‘One of my favourite cities in the world: How Venice earned my affections’

Aug 16, 2020
This community writer counts Venice as one of her favourite cities, and it's not hard to see why. Source: Liz Sier.

If you were to ask me which is my favourite city of all the places I’ve seen, I would be hard pressed to narrow it down to one. But high on the list would be Venice – La Serenissima (The Serene One) – not least because it is a photographer’s delight. I have visited there twice, staying for a week on the first occasion and later for just a day before an Adriatic cruise.

Films, such as Death in Venice with Dirk Bogard, and books, such as Journey from Venice by Ruth Cracknell, had conjured up an image that I was desperate to explore. We had never considered that we would be able to afford a decent hotel there, but thanks to a cancellation, we were able to spend a week at Palazzo del Giglio, a 4 star hotel overlooking the sunny and picturesque Piazza Santa Maria del Giglio and the beautiful Baroque church, Santa Maria del Giglio, right in the heart of Venice. It is 5 minutes walking distance from Piazza San Marco, a stone’s throw from vaporetto line1 that passes through the Grand Canal, and one stop on the vaporetto from another wonderful Baroque church which contains paintings by Tintoretto and Titian – Santa Maria della Salute.

Source: Liz Sier.

We had been driving through Italy on our first visit, fresh from our exploration of the Cinque Terre, but of course, you can’t take your car into Venice. We left it at a long term car park in Chioggia, an industrial city at the south end of the lagoon, took a water taxi across to Zattere, lugged our suitcases up and down a few flights of stairs over canals and then at Accademia took a short journey on the vaporetto to a little lane that led on to Piazza Santa Maria del Giglio. That was not the easiest arrival into a city, and it’s very easy to get lost there when you are new to the area.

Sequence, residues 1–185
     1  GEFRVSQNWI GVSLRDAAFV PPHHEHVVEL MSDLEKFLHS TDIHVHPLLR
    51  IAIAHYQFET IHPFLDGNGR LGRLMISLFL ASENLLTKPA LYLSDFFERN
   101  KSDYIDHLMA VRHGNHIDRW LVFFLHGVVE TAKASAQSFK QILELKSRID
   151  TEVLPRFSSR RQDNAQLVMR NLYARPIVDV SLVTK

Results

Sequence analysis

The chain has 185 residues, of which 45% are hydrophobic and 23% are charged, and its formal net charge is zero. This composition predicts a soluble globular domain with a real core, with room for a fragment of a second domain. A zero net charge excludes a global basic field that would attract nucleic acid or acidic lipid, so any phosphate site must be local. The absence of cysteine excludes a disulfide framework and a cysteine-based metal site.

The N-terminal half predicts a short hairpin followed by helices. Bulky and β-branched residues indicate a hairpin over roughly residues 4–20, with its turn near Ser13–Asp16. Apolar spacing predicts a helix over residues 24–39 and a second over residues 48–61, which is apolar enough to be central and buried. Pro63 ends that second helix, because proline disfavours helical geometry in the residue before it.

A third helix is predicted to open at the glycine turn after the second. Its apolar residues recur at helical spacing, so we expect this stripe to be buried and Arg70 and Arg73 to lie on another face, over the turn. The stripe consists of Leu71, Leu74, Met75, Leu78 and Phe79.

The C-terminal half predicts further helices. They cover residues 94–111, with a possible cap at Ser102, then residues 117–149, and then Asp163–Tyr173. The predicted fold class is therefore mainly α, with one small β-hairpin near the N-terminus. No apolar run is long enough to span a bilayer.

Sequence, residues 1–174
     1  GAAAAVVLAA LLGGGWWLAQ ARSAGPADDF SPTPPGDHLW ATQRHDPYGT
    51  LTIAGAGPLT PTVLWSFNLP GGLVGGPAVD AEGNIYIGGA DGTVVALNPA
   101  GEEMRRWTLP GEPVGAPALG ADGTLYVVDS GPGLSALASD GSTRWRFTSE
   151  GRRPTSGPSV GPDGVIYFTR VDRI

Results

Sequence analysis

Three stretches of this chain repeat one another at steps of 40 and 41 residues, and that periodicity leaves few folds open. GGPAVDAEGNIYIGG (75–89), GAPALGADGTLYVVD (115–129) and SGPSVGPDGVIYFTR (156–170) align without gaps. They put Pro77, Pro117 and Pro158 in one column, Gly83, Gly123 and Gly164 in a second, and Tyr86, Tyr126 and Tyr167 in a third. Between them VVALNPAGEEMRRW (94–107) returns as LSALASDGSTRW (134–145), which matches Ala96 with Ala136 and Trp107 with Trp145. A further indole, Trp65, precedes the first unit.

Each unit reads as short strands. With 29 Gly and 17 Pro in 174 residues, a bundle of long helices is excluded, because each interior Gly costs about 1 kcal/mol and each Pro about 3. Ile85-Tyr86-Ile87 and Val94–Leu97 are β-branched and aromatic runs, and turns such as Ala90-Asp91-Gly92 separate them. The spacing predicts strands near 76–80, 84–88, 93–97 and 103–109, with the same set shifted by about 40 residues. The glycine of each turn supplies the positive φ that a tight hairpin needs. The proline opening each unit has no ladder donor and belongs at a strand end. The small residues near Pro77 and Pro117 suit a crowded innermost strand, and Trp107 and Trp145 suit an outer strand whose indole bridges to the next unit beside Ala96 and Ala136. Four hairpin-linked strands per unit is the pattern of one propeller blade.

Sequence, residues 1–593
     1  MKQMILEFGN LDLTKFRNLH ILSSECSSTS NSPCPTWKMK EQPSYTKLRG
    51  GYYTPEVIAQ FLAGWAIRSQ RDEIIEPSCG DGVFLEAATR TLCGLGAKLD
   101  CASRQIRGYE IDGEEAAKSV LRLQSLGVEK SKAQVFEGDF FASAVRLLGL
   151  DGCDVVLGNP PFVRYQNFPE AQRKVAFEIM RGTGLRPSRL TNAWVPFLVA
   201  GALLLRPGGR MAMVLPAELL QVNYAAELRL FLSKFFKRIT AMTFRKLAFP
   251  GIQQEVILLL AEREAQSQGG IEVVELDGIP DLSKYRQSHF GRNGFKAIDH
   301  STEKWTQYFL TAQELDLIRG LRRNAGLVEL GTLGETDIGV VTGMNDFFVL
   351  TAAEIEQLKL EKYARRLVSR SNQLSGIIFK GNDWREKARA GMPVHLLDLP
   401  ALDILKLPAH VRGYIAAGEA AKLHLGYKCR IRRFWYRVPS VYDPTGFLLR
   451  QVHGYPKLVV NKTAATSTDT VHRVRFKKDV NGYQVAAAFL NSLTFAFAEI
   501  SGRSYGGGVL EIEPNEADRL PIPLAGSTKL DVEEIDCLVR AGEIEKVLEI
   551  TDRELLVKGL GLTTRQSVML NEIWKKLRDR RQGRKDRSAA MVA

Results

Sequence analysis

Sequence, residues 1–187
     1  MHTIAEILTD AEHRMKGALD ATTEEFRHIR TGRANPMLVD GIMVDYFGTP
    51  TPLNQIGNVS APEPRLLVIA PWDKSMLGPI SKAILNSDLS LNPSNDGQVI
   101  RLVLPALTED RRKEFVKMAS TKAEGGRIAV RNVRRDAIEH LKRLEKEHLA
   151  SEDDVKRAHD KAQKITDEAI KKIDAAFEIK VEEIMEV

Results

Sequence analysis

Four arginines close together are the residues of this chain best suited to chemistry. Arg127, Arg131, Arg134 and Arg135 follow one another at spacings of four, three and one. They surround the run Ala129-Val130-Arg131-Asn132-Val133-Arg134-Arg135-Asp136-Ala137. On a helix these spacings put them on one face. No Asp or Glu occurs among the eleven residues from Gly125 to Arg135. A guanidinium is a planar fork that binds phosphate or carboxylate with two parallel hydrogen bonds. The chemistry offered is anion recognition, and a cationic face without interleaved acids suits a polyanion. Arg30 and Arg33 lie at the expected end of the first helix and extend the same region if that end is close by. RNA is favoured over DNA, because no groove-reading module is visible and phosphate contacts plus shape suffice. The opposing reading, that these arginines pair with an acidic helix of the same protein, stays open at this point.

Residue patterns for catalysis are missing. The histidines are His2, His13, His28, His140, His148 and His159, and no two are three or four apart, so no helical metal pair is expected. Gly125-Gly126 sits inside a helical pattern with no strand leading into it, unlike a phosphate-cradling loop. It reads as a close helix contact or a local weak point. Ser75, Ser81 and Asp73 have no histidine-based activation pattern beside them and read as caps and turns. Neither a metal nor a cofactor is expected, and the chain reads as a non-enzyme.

Our map was quite small and there were frequent stops to examine it during our first week in Venice. The little streets and lanes wind erratically and there are many canals making a straightforward progression impossible. Even the directional signs are confusing as you can go in two completely different directions and still end up at the same destination! The second time we simply used our iPad with an Italian data SIM and Google Maps and it was all smooth sailing. Our arrival that time was by plane into Marco Polo Airport, then by airport bus to Piazzale Roma – the last point for road traffic – where we took the People Mover across to the passenger cruise dock. That was a breeze, thanks to the information gained by a Google search.

Source: Liz Sier.

Because it is tiring walking through all those lanes, we found the easiest way to get around if you are staying more than a few days is to buy a vaporetto pass to have unlimited rides up and down the Grand Canal as well as to visit some of the other islands.

Source: Liz Sier.

We saw the glass-making factories and shops of Murano and the riot of colour on the houses of Burano where they make lace, passed the little cemetery island of San Michele, and spent a day on the beach and walking around Lido. Here the beaches are mainly private, restricted to hotel guests, but if you walk down the main street from the wharf past all the shops (after stocking up with picnic supplies) you will reach an area just to your left where you can get onto the beach for free. This island is famous for the Venice Film Festival and some exclusive hotels.

Source: Liz Sier.